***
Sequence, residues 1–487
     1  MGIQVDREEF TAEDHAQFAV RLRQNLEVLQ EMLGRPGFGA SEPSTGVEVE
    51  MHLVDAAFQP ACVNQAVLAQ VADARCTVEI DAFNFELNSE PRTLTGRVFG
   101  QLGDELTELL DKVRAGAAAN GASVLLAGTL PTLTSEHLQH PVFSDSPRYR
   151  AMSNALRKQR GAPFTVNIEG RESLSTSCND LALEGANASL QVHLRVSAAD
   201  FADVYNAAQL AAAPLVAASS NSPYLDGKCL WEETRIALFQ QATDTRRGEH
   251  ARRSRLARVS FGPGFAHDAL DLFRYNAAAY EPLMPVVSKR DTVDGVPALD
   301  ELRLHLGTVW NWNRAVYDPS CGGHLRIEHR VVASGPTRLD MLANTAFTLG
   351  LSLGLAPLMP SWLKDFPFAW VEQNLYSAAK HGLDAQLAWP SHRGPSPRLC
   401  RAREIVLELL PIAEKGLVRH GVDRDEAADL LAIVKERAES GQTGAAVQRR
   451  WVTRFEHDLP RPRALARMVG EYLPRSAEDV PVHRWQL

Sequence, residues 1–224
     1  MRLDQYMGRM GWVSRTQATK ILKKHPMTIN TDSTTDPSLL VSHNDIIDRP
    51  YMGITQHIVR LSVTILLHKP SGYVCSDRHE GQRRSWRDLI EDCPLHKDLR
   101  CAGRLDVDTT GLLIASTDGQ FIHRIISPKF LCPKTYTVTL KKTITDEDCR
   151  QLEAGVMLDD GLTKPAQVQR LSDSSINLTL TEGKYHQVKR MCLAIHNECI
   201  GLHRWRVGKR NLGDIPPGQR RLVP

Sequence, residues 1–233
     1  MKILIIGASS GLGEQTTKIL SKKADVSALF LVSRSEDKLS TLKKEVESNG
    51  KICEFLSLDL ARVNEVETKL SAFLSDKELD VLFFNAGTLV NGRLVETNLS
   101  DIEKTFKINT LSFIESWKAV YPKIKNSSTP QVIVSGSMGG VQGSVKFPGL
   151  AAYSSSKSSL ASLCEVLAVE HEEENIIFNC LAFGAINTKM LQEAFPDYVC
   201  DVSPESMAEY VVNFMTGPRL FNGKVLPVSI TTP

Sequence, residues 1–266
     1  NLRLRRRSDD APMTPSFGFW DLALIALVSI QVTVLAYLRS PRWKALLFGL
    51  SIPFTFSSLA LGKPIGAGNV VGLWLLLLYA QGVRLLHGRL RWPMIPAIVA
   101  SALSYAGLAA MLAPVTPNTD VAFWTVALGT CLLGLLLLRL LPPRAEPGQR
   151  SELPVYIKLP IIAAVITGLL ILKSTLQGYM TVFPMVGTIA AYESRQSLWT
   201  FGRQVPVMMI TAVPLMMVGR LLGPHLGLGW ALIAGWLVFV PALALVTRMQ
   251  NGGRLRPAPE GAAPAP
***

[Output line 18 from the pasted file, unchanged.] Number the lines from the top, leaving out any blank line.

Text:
Sequence, residues 1–233